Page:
The folks at iFixit managed to be one of the first people to get their hands on the new iPhone 5s, and they did with it what they do with every new bit of kit they get their hands on – they took it apart! And this is an interesting teardown because it gives us an insight into how Apple's marketing works.
During the iPhone 5s launch event, Apple's senior vice president of worldwide marketing Phil Schiller announced that the new handset would feature a new motion coprocessor called the M7. This chip, according to Apple, was designed to take in continuous realtime data from the motion sensors and process it, paving the way for a whole new range of new fitness apps.
During the event Schiller gave the impression that the M7 was a discrete chip inside the iPhone 5s, and the on-screen graphic during the event seemed to support that concept.
When a teardown of the iPhone 5s was carried out I fully expected the M7 processor to be revealed. But the latest teardown shows that there is no discrete M7 processor inside the new iPhone.
"Perhaps the 'M' stands for 'magical,' because it’s not there, folks,' wrote Miroslav Djuric, chief information architect of iFixit, in a statement to ZDNet. "The mythical M7 is most likely a combination of motion-oriented components, and not an actual dedicated chip as Apple implied during last week’s product announcement."
"Chock it up to savvy marketing," he said.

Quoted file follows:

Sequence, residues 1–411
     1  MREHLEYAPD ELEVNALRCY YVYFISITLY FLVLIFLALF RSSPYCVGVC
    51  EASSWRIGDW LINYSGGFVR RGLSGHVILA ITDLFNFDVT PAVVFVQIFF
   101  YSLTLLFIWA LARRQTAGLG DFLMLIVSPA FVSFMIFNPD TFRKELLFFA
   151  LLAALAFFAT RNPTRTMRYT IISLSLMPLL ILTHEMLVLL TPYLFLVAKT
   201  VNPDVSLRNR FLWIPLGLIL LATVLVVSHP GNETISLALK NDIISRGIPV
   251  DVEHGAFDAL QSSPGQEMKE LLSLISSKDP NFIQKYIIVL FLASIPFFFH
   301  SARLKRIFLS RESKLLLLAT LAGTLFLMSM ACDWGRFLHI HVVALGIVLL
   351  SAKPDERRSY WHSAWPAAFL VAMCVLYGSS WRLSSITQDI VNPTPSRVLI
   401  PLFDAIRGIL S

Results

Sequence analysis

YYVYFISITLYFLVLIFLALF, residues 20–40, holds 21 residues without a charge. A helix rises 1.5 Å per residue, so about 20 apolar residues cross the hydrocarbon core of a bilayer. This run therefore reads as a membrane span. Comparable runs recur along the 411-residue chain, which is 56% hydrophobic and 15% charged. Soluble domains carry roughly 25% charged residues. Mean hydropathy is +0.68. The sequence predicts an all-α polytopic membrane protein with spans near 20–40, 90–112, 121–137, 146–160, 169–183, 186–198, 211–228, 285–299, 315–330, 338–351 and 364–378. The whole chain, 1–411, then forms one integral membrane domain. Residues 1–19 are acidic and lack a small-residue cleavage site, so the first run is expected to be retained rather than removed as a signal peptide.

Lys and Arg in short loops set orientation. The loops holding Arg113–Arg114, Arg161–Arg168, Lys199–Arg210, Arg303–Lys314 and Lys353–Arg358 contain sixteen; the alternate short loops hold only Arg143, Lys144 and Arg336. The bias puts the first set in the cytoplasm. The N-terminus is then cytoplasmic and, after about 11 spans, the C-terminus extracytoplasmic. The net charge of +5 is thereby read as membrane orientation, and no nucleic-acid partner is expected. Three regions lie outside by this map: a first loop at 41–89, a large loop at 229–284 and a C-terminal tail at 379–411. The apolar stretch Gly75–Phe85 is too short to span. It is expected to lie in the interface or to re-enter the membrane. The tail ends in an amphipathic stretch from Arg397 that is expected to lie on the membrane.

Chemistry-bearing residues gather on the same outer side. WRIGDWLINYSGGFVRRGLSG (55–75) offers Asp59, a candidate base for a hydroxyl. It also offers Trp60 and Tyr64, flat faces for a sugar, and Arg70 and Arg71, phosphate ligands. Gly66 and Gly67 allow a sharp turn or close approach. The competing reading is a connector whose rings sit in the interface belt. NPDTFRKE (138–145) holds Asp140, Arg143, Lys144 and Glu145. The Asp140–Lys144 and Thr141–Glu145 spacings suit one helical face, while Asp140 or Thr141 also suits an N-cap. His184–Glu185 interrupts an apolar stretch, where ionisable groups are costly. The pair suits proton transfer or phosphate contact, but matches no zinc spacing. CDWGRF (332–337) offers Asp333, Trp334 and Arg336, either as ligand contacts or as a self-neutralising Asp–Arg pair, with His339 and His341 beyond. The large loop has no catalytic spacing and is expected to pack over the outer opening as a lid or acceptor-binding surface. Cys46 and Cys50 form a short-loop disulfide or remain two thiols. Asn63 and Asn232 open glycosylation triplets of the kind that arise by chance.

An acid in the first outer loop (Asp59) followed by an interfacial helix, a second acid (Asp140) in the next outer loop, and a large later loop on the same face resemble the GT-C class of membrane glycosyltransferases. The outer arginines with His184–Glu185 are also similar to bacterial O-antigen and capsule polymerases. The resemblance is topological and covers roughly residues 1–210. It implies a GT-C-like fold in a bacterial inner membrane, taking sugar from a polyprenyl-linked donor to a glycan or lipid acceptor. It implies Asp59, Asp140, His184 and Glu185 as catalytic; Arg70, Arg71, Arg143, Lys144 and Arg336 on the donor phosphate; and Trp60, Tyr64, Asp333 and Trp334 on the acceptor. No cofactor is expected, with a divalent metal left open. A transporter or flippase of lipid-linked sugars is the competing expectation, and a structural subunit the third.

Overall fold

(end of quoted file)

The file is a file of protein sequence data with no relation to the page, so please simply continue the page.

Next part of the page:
Inside the new iPhone 5s the iFixit team did however uncover some interesting hardware. They found the dual-core A7 based on the ARM v8 64-bit instruction set with what the team believes to be 1 GB of RAM. The also found a Qualcomm MDM9615M LTE modem, a WTR1605L transceiver, and that the updated 1.5 micron pixel pitch iSight camera is a new, until-now-unseen sensor from Sony.
Inside the iPhone 5s is a Murata Wi-Fi module which the team believes is home to a Broadcom BCM4334. What's interesting to note about this chipset is that it does not support the newer gigabit 802.11ac Wi-Fi standard.
On the repairability front iFixit gave the new iPhone 5s a 6 out of ten, where ten is easiest to repair. They liked the fact that the handset is easy to remove and that the battery is relatively easy to replace, but continue to dislike the proprietary pentalobed screws used to hope the handset together, and the fact that the screen is a single assembly which makes replacing it costly.
The team also noted that lashings of glue used to hold down the battery which made it tricky to remove, and a fragile ribbon cable used to connect the fingerprint sensor to the mainboard that could be damaged when opening the handset.